The man managed to stagger from his campsite to a nearby home to make an emergency 911 call early on Saturday, but Foy said he believes the victim may have refrained from seeking help for several hours before that.

The homeless man, whose name was not publicly released, is known to law enforcement as having a “history of being mentally unstable,” and has had “multiple violent confrontations with police” in the past, Foy said. He may have therefore been reluctant to call for help.

Mountain lion attacks on people are rare. A 63-year-old man survived an attack in July 2012 in Nevada County. The last fatal attack in California occurred in 2004, when a cyclist was mauled in the foothills of Orange County.



Heading off to hunt camp, careful in the out house!

- October 24th, 2013

All those folks (like myself) heading off to hunt camp over the next couple weeks better think twice before going to the outhouse.


QMI agency just reported a story about a Norwegian hunter who aimed at a moose, missed and accidentally hit a man sitting on the toilet in a nearby cabin.

The bullet whizzed past the animal, pierced the wooden wall behind it and struck the man, in his seventies, in the stomach, the force told public broadcaster NRK.

The victim was flown by helicopter to hospital but his injury was not life-threatening, said the policeman who led the investigation, Anders Stroemsaether.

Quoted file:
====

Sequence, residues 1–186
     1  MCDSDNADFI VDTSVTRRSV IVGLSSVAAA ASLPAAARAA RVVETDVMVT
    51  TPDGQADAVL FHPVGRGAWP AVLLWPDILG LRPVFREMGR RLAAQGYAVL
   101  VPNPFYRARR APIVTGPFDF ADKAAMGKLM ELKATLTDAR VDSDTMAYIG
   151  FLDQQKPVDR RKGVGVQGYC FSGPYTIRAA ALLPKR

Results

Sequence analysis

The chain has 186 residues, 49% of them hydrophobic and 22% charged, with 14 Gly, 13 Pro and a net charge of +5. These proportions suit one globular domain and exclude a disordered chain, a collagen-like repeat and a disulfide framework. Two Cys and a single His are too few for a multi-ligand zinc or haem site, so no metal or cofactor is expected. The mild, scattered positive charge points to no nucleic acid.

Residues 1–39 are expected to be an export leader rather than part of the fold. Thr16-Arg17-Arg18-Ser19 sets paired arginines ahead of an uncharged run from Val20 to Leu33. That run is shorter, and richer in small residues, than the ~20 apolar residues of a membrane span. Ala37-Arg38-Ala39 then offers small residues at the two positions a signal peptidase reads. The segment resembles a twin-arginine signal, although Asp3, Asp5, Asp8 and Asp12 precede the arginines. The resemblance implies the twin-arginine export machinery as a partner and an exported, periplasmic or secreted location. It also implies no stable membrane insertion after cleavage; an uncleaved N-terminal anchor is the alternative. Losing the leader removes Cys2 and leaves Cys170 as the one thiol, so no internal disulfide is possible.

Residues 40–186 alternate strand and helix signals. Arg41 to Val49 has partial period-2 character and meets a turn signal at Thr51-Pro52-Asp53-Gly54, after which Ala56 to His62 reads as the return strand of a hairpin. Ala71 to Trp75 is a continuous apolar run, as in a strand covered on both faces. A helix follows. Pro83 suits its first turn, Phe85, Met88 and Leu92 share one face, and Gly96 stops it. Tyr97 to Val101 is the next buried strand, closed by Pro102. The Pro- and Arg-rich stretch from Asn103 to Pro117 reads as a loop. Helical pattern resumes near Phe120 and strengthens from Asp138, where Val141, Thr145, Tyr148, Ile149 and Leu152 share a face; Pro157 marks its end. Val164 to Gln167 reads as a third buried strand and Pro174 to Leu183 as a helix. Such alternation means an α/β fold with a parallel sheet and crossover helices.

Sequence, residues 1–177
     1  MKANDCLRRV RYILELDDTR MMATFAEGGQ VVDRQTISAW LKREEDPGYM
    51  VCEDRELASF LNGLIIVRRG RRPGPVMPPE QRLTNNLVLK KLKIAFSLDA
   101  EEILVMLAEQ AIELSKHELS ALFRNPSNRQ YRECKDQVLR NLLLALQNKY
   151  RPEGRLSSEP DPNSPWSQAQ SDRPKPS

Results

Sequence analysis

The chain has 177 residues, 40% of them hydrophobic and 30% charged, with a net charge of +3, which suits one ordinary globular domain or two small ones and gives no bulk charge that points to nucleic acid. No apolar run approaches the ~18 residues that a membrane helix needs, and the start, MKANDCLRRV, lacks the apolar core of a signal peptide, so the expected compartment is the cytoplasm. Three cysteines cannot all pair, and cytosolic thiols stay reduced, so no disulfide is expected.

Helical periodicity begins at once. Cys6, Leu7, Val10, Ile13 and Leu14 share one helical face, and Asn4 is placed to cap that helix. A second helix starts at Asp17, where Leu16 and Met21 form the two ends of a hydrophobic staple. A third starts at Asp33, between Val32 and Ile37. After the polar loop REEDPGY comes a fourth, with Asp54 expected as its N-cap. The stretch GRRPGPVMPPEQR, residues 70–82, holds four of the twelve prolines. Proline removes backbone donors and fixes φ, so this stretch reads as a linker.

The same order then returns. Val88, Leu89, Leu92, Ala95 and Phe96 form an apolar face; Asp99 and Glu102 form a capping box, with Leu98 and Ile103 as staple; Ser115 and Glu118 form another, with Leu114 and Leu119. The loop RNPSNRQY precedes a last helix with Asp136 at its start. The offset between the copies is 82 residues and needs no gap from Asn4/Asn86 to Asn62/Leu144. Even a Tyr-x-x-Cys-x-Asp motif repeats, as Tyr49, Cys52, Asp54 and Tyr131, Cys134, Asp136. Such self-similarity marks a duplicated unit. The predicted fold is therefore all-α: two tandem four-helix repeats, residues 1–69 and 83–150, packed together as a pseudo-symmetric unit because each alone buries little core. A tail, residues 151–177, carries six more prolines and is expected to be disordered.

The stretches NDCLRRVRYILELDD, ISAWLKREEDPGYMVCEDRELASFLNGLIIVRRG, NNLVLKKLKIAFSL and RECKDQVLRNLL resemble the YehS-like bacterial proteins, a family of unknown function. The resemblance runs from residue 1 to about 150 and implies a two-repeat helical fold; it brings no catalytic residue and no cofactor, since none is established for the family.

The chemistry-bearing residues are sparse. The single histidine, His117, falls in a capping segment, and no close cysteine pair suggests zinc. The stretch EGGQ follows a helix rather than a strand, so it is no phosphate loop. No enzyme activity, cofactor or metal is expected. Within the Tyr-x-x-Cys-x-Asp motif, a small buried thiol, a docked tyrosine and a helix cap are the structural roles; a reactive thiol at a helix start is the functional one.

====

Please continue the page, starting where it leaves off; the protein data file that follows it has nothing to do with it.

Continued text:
The hunter was taken in for questioning in Hvaler district, about 120km southeast of the capital of Oslo, said the force. The moose apparently escaped unscathed.

Makes you wonder about the safety of hanging around hunt camp and just when you thought the outhouse was your last safe haven…

Off to the woods people, that’s the best place to be…


Good luck to all local hunters and be safe out there this Fall!



Black Bear attack near Havelock

- October 1st, 2013


Looks like old blackie got a little rough in the Havelock area this past weekend. Fortunately for Lynn O’Connor of Peterborough, her faithful companions were by her side!


Here’s the article from yesterday’s paper:

(QMI Agency by Sarah Deeth)

Lynn O’Connor, 53, thought she was about to die when a mother bear attacked and bit her in the stomach, but her two dogs saved her life.She is at home recovering from the vicious bear attack near her Belmont-Methuen Township cottage Sunday afternoon.